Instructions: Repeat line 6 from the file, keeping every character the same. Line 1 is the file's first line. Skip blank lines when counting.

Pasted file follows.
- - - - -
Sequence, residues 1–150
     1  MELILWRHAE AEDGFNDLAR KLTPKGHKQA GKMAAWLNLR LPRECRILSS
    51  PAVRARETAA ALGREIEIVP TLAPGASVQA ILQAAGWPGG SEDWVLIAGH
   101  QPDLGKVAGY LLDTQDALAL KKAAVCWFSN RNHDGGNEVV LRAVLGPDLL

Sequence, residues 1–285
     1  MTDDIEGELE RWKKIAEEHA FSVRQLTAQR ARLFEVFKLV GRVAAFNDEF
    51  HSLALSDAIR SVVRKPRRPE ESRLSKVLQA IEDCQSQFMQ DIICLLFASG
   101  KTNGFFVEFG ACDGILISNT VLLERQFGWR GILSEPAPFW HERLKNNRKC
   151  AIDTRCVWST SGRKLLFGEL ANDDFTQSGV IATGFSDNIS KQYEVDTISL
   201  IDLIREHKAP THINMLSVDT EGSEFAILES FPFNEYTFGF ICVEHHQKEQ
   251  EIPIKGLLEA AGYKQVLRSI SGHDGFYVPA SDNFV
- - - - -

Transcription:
     1  MTDDIEGELE RWKKIAEEHA FSVRQLTAQR ARLFEVFKLV GRVAAFNDEF